Mobile payments in the US: 'wallet wars' and the Wild West
11th Oct 2012 | 19:14
Panel breaks down the issues facing adoption
The mobile commerce landscape went under the microscope during a roundtable discussion at MobileCon 2012 Thursday, with five executives from leading payment companies breaking down what it will take for such services to get off the ground.
Afzal Bari, a financial analyst for tech and telecom at Bloomberg Government, moderated the talk that ranged from what value mobile payments really bring to regulation concerns.
According to Dekkers Davidson, head of mobile commerce business at Barclaycard, which offers online credit cards and credit guidance, successful mobile wallet adoption in the U.S. looks like one out four people using such a service in the next five to eight years.
Now is the time for experimentation, not red tape or winner-take-all competition.
"I liken it to Lewis and Clarke, where we're a 100 miles out of Missouri and looking back over the ridge and saying, 'Ok, where are we going?'" he said. "We're just getting started here."
Entering the 'wallet wars'
Mike Love, executive vice president and chief technology officer at Mozido, a cloud payment network, said an attitude of "wallet wars" currently prevails.
Whereas the market is already looking for a mobile wallet victor, the time is ripe now to simply educate consumers on the value of mobile payment systems, not bludgeon the competition.
"Nobody ever said they had a problem with the vinyl record until the MP3 player was introduced and you could port all these songs onto one device, " said Ryan Hughes, chief marketing officer at Isis, a mobile wallet company.
"Ultimately, we're tapping into a latent need here," he continued. "What do you need and what problems do you have? Consumers won't identify a problem until they see a solution to fix it."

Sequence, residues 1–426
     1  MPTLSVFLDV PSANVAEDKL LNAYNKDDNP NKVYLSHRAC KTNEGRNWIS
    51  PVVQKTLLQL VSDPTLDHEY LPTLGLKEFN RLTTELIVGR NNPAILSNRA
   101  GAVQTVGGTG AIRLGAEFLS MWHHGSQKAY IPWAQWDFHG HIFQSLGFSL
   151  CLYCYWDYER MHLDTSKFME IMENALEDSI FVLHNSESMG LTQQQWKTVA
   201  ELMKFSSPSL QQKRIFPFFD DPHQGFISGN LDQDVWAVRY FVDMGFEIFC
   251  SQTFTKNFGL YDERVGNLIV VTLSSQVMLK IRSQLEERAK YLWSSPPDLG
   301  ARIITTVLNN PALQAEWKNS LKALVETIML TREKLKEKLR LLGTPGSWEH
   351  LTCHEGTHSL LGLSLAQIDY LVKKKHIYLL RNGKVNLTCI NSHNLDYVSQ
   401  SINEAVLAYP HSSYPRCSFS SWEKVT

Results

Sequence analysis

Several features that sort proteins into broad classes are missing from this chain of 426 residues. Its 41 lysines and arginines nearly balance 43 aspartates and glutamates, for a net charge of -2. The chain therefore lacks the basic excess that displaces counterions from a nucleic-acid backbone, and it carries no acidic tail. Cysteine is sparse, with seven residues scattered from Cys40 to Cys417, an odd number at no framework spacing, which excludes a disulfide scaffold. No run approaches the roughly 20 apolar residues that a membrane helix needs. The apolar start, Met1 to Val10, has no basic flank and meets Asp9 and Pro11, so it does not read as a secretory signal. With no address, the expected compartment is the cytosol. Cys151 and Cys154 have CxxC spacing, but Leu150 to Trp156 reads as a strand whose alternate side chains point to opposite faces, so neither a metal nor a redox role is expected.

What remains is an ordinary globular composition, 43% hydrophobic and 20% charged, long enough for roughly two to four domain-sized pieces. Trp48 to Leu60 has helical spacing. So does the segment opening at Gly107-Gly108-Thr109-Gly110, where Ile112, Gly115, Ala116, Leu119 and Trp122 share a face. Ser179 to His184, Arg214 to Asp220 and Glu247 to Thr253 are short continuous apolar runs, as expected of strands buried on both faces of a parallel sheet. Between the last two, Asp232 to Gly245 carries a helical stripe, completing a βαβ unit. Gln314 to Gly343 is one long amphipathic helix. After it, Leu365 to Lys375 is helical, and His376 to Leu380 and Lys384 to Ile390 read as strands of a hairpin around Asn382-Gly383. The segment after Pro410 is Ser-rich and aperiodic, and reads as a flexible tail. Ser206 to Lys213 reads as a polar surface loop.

Everywhere the same
As for standards, government and other agencies can't come up with regulation as fast as the technology evolves, the panel tended to agree, meaning the onus falls on service providers to develop principles of operation.
"Intuit has 30 years of handling sensitive customer data, so we've developed a set of principles of how to keep data secure and private," said Tayloe Stansbury, senior vice president and chief technology officer at the company.
"We share those principles with other companies and agencies, which helps make sense of a world where technology moves a lot faster than regulation."
The transition from leather wallet to mobile payments is happening, though what final shape it takes is still forming.
"We don't know which way is the best - whether security through the secure element of NFC or through the cloud," Love said.
Will customers come?
Davidson said adoption will quicken if "multiple players make bets," including Google and Apple.
National wallets for national retailers and vertical applications - like apps to pay for parking - are also part of the process to win over consumers
"If you can wake up in the morning and pump gas, pay for coffee, go to the hardware store, pick up a prescription at CVS and do all the things you need to do and everywhere you go the experience is exactly the same, that's when you'll see it picking up," said Dodd Roberts, an executive at Merchant Customer Exchange, a confederation of retailers.
Ultimately it's consumers' call whether they adopt mobile payment services and technology, but companies can't be faulted for not trying to get the message out, even if it's just to make life easier.
"To quote [Henry] Ford, 'If I asked consumers what they wanted, they would say a faster horse,'" Roberts said.
"The average consumer doesn't know that their experience engaging in the commerce world could be so much better than it is right now. We are enhancing the experience, not necessarily solving a problem."